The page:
He told them the advisor handled his money. Lie. He told them he handled Charles Barkley's money. Lie. He told them the guy was great. He had no idea whether the guy was good but if he had bothered checking he'd know the guy had a history of complaints and charges. And he did it because he was taking payoffs from the guy he was promoting.

I don't see the problem. That's illegal in any business I know of.
People get prosecuted for commercial bribery and kickbacks all the time.


readyAIMfire53



Joined: 20 Nov 2004
Posts: 5266
Location: Durham, NC


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PostPosted: 09/29/17 5:08 pm    ::: Reply Reply with quote

ClayK wrote:
The girls' Nike EYBL is run by different people ...

Here's my understanding of some aspects of this:

On the boys' side, Nike will give club coaches $100,000 and they can do what they want with it. The top clubs also get gear, and are constantly updating uniforms and shoes during the summer season, so it's a pretty expensive package. But then again, apparel is a pretty big business.

On the girls' side, there are fewer sponsored clubs, and they don't get cash. They get apparel, and some other benefits, but it's a much different scenario.

But as McGraw says, it's not like women's basketball is squeaky clean. College coaching is a nice gig, and even a $150,000 salary (I would love to have come close to half that in my journalism career) is worth fudging the lines a bit.

I don't think anyone's handing out cash, but there are ways to generate income for players and families that don't show up on intercollegiate balance sheets.


You'd be wrong on this one. NCAA investigations are a joke.



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justintyme



Joined: 08 Jul 2012
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Location: Northfield, MN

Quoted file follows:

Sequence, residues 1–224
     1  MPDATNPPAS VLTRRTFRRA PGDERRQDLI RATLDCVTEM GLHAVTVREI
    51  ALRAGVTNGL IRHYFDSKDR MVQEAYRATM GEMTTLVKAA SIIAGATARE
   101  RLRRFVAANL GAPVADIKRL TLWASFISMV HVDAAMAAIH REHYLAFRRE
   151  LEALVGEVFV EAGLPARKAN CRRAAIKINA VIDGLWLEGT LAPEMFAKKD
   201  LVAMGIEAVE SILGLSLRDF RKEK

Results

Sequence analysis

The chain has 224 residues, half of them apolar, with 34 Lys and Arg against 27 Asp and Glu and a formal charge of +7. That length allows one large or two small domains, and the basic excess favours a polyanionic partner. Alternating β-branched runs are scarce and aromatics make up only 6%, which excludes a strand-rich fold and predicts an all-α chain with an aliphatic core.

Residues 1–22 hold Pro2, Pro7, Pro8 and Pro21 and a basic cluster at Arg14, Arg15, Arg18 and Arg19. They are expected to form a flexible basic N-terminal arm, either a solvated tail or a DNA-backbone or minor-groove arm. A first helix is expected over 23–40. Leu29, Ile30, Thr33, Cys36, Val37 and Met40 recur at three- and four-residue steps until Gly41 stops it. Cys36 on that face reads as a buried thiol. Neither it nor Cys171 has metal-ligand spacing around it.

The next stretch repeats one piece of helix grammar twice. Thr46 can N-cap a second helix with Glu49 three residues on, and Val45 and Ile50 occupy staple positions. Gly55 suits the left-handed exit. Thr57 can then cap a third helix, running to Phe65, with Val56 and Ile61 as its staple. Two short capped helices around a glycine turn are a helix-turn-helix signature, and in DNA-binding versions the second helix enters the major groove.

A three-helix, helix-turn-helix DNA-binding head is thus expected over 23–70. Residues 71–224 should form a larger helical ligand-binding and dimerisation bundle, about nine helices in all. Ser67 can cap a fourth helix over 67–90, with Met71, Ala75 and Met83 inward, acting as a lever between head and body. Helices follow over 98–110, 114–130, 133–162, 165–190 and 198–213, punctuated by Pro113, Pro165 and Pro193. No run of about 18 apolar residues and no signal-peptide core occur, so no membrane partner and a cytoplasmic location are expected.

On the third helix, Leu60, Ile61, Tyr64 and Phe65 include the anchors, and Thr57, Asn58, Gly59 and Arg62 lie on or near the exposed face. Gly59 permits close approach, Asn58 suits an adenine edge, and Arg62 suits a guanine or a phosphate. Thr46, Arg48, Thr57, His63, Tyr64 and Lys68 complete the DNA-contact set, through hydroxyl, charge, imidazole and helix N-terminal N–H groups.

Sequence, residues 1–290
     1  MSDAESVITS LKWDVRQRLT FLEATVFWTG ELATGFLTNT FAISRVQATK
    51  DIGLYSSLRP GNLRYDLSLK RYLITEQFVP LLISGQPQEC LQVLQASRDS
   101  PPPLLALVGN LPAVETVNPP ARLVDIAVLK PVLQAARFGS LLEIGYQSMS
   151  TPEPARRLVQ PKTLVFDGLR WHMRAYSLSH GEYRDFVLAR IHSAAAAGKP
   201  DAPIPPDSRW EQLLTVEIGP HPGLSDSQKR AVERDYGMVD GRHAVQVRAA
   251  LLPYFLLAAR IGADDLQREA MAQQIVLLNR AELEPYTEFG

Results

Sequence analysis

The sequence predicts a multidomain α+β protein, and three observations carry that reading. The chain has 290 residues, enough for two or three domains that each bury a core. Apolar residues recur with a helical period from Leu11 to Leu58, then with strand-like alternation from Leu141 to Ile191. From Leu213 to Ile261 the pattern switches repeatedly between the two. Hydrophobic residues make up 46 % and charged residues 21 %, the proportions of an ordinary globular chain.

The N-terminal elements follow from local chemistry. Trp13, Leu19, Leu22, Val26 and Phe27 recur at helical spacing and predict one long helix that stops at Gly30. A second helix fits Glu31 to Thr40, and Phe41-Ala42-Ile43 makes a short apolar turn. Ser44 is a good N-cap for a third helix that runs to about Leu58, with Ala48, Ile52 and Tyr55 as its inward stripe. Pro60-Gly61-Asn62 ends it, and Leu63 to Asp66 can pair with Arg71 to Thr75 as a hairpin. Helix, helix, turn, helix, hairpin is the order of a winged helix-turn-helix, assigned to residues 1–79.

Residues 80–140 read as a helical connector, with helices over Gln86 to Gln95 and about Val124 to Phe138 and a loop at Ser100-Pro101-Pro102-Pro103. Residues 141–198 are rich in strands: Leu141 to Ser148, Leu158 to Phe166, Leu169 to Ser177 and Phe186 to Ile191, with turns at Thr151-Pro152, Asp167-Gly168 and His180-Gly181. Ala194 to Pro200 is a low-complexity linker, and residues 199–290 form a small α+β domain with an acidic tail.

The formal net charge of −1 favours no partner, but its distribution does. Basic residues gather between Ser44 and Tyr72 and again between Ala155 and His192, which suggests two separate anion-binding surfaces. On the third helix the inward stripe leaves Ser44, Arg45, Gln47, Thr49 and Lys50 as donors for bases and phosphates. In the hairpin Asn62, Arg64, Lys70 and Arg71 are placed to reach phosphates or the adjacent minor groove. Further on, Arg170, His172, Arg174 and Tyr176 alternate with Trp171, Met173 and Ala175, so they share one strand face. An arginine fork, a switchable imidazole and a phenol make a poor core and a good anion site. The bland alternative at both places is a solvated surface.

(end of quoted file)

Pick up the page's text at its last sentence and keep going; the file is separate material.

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PostPosted: 09/29/17 5:09 pm    ::: Reply Reply with quote

ArtBest23 wrote:
justintyme wrote:
Art, since this is much more in your wheelhouse than mine what are your thoughts on this article from Sports Illustrated?.


He's full of it.

Take a simple example. If the allegations are to be believed, Chuck Person plainly used his reputation and relationship with unsophisticated kids and their parents to get them to sign on with unqualified and unscrupulous "financial advisors" and lied to them to do it. This is pretty straightforward fraud.

He told them the advisor handled his money. Lie. He told them he handled Charles Barkley's money. Lie. He told them the guy was great. He had no idea whether the guy was good but if he had bothered checking he'd know the guy had a history of complaints and charges. And he did it because he was taking payoffs from the guy he was promoting.

I don't see the problem. That's illegal in any business I know of.
People get prosecuted for commercial bribery and kickbacks all the time.

Thanks, Art. That was what my layman's senses were telling me about this, but I wanted to make sure I wasn't making poor assumptions about how cases like this were handled. His opening bit about the NY US Attorney also seemed fairly specious. I mean, he just kind of threw a bunch of random circumstances at the wall and suggested that they meant something nefarious rather than showing any real evidence of impropriety...I guess hoping that the reader would fill in the lack of evidence with assumptions that mirrored his own.



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linkster



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PostPosted: 09/30/17 4:17 pm    ::: Reply Reply with quote

Nixtreefan wrote:
lvf08 wrote:
@Raoul_000

Asked about FBI probe into corruption in MBB, Notre Dame coach Muffet McGraw claims there's cheating going on in WBB https://www.ndinsider.com/basketball/womens/notebook-notre-dame-women-s-basketball-makes-volunteering-competitive/article_3ea1ee94-a3dd-11e7-a04f-cb46de761483.html

https://twitter.com/Raoul_000/status/913220996697612288


Could be a dig at McGuff, Walz etc.


The only thing I can think of is the possibility that schools are funnelling money to AAU coaches to steer recruits to their school. That would be a tough thing to prove as cash could get to them for example through boosters.